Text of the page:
“These carriages are a reflection of the state of Iraq today,” says Al-Karkhi, trying to make them look more presentable for our photographs.

Despite the sorrows he has witnessed, Al-Karkhi says it’s his job that keeps him optimistic about the future. “Not once have I been bored at work. Each journey is unique and the scenery is constantly changing. You see all that Iraq has to offer in one journey.”

In 2005, he was the first person to drive a train from Baghdad to Istanbul through Mosul after the fall of Hussein. But the route has now been abandoned following the city’s fall to ISIS.

“I see the whole of life when I drive the train. The city. Countryside. Factories. All types of Iraqis,” says Al-Karkhi, who now drives the train to Basra roughly twice a week. The journey, which crosses regions settled by Shias, Sunnis, Turkmens, Kurds, Bedouins, and Marsh Arabs, has taken on a new meaning with the recently formed sectarian and ethnic divides of Iraq. Al-Karkhi hopes that one day, the divides will be bridged by more than his train.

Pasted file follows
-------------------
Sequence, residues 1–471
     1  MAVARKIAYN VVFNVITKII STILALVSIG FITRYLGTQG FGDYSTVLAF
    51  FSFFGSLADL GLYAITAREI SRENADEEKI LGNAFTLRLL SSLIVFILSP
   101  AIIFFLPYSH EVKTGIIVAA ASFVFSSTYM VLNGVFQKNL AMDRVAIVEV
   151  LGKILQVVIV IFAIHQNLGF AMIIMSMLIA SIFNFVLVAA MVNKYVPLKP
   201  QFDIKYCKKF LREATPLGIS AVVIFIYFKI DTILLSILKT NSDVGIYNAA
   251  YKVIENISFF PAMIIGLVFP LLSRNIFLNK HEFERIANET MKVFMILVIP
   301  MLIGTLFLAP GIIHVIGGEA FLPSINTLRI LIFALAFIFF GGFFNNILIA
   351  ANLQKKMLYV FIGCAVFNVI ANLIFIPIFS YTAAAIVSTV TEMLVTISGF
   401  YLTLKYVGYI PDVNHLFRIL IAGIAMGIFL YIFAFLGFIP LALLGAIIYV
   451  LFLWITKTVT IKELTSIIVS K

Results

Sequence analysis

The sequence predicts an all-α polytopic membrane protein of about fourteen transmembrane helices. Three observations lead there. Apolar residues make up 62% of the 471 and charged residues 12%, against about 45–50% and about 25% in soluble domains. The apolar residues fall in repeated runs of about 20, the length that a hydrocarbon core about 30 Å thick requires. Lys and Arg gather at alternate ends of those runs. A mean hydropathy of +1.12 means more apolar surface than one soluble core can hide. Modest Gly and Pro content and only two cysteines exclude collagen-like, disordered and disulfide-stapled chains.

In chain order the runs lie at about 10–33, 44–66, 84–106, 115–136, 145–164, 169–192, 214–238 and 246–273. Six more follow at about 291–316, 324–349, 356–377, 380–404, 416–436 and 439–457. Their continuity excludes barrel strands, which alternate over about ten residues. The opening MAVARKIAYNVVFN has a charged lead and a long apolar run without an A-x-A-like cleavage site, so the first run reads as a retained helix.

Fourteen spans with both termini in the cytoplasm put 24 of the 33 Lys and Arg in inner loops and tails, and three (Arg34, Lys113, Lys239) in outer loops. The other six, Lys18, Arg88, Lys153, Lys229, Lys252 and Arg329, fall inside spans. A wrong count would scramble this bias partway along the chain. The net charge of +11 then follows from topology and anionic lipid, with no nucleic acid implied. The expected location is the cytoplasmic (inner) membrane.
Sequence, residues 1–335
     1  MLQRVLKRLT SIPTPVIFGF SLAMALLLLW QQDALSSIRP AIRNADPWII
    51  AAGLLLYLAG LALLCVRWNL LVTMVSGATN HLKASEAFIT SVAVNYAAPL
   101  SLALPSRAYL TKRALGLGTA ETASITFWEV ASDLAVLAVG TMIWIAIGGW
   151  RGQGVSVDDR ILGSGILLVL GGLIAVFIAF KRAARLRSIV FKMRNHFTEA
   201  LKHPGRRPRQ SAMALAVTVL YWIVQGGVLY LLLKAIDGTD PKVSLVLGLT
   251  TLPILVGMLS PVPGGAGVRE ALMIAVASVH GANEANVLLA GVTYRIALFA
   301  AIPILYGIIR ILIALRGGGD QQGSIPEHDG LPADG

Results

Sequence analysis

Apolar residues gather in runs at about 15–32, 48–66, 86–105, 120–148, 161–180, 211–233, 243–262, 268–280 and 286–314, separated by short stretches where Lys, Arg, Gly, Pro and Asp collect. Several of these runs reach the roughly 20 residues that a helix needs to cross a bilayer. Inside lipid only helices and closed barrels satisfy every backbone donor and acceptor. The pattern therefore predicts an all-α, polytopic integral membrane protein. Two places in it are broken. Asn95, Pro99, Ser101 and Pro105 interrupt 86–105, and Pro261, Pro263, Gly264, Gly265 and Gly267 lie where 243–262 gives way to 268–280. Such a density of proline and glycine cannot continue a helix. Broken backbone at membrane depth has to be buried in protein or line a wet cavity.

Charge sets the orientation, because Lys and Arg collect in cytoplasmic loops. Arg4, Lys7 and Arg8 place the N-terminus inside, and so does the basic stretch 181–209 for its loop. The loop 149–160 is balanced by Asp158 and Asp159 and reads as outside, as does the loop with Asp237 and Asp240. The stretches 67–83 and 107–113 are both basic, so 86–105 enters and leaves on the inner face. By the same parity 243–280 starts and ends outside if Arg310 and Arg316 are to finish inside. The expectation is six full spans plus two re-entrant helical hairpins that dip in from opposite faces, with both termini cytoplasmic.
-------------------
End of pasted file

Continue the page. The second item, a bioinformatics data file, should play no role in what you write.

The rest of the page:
11/08/2016 -- Baghdad, Iraq -- Part of Saddam Hussein's carriage purchased from France in 1981, now left derelict, having suffered the woes of looting post-2003 US-led invasion of Iraq.
11/08/2016 -- Baghdad, Iraq -- "Look at the details on the train, look how high quality even the light switches are," explains Ali Al-Karkhi, proud of the history of the Iraqi State Railway.
11/08/2016 -- Baghdad, Iraq -- Abandoned ticket booths reflect the Golden Age of Baghdad Central Station, when tickets could take you across borders.
11/08/2016 -- Baghdad, Iraq -- Al-Karkhi sits at the train's cockpit, a place he feels most comfortable in. Ali Al-Karkhi, Senior Train Driving Inspector and Actor. Al-Karkhi works at the Baghdad Central Station frequently inspecting and evaluating the trains and their drivers, as well as occasionally driving the trains to Basra himself.
11/08/2016 -- Baghdad, Iraq -- When Baghdad's station was built by the British in the 1950s, an ancient graveyard had to be split into two to make way for the tracks. Today, as well as being a graveyard people who have passed away, we can see trains lying derelict nearby.
11/08/2016 -- Baghdad, Iraq -- Three graves from one family lie in the graveyard past the station. Al-Karkhi explains how the father, on the left, was one of his colleagues at the station.